The cornerstone was laid on June 27, 1859, and the church was consecrated on November 4, 1860. The nave is 43 feet wide and 81 feet long; walls are of solid handmade brick, and the steeple soars 125 feet tall and was the tallest steeple in SC outside Charleston and Columbia. The final cost of the building, including the organ, windows and bell, was $15,665 which was funded by church members, along with liberal donations from friends in Charleston and the Lowcountry. The congregation of 90 members held an optimistic vision of the future as they constructed a church that could hold 4 times that number, not including the balcony where they enslaved communicants would have worshipped.

Trinity holds a virtual “library” of rare 19th-century American stained glass, including at least eight windows dating to the church’s erection in 1859/60. The magnificent chancel window is attributed to the New York studio of William Gibson, considered the “father of stained-glass painting in America.” Gibson was also the brother of John and George Gibson who provided stained glass for the U.S. Capitol building. Stylistic similarities point to Gibson’s studio as the source also of the “Suffer Little Children” window and the medallions with symbols of faith adorning the tops of the church’s other stained-glass windows. Trinity represents only the fifth location in the world where Gibson’s work has been found as well as the second-largest collection of William Gibson stained glass yet discovered. The Epiphany window, Trinity’s only 20th-century stained glass, was installed in 1941, and was crafted by the famed J & R Lamb Studios. Trinity also contains extremely rare windows that utilized a process called Diaphanie; whereby translucent colored prints on paper were purchased from a print shop and fixed to glass by adhesive or starch and then varnished to make them more translucent. These are the only documented diaphanic windows in SC.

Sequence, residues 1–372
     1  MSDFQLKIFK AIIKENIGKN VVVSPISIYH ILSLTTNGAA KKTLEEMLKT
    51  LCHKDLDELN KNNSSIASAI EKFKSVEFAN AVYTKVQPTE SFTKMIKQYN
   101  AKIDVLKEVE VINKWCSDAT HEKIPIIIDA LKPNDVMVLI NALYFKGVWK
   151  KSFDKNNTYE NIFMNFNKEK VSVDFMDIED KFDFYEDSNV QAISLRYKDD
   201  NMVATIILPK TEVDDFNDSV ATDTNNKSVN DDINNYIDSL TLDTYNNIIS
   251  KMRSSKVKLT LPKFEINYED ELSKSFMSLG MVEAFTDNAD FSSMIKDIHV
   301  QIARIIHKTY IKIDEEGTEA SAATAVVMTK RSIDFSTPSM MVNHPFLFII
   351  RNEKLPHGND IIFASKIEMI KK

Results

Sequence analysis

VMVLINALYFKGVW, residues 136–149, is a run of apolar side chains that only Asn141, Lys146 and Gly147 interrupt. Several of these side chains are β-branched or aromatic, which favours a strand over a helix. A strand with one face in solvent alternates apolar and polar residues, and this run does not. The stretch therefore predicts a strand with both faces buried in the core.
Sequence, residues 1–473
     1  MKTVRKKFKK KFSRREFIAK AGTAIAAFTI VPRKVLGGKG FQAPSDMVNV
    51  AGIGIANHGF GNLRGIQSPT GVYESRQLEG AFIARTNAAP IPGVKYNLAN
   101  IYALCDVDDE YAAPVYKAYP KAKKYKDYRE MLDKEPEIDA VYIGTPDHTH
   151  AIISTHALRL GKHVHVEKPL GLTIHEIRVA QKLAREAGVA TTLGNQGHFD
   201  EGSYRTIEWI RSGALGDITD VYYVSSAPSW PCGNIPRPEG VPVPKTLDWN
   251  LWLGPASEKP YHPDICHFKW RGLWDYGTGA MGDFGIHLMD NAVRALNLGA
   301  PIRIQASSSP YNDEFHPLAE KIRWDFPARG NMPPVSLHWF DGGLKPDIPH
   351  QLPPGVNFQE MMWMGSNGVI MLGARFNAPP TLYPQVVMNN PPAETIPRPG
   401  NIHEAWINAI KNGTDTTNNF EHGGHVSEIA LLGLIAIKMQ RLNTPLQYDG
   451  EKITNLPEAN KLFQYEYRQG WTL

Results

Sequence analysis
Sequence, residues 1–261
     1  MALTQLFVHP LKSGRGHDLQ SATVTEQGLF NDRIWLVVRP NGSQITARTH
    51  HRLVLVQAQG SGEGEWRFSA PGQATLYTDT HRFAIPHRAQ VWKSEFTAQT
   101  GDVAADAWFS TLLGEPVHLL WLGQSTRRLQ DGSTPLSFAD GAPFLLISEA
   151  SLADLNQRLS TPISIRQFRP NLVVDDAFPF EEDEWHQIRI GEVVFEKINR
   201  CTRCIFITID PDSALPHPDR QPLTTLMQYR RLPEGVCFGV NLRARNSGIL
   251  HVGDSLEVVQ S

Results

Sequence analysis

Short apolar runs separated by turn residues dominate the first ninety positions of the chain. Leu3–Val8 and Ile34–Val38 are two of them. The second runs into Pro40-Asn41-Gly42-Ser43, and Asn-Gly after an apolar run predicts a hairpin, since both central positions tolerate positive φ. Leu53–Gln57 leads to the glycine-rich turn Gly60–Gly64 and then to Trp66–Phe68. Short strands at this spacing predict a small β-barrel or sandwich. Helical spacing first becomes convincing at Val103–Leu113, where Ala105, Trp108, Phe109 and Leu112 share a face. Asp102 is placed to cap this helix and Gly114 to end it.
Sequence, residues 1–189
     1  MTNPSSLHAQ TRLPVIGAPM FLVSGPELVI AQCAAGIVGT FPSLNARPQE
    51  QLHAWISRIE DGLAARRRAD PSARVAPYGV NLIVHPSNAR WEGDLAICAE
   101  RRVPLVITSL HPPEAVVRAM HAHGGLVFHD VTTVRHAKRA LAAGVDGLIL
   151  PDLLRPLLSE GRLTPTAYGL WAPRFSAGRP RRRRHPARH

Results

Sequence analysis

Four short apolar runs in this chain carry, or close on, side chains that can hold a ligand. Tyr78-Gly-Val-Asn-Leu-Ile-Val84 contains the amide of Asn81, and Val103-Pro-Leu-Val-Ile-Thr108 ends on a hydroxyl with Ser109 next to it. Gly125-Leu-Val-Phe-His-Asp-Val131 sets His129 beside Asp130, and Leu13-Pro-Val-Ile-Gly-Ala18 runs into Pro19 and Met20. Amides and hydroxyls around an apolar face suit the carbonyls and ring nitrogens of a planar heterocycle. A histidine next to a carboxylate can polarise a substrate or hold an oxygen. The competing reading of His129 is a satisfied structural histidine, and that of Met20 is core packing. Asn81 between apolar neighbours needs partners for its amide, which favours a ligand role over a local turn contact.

The steeple bell was the gift of Col. J. Foster Marshall of Abbeville, who was killed at the Second Battle of Manassas in 1862. During the war, a Confederate officer requested that the bell be melted down for manufacture of a cannon, but fortunately the request was never pursued.

The rare John Baker “tracker” pump organ was one of the first organs in Abbeville County and is one of only two Baker organs remaining in existence. Tracker refers to the mechanical link between keys or pedals pressed by the organist and the valve that allows air to flow into pipe(s) of the corresponding note. They were incredibly complex instruments—the height of 19th-century technology—and are very rare to find intact today. John Baker was born in England where he learned his craft of organ construction before coming to New York City to work for celebrated organ builder Henry Erben. He came to Charleston in 1851.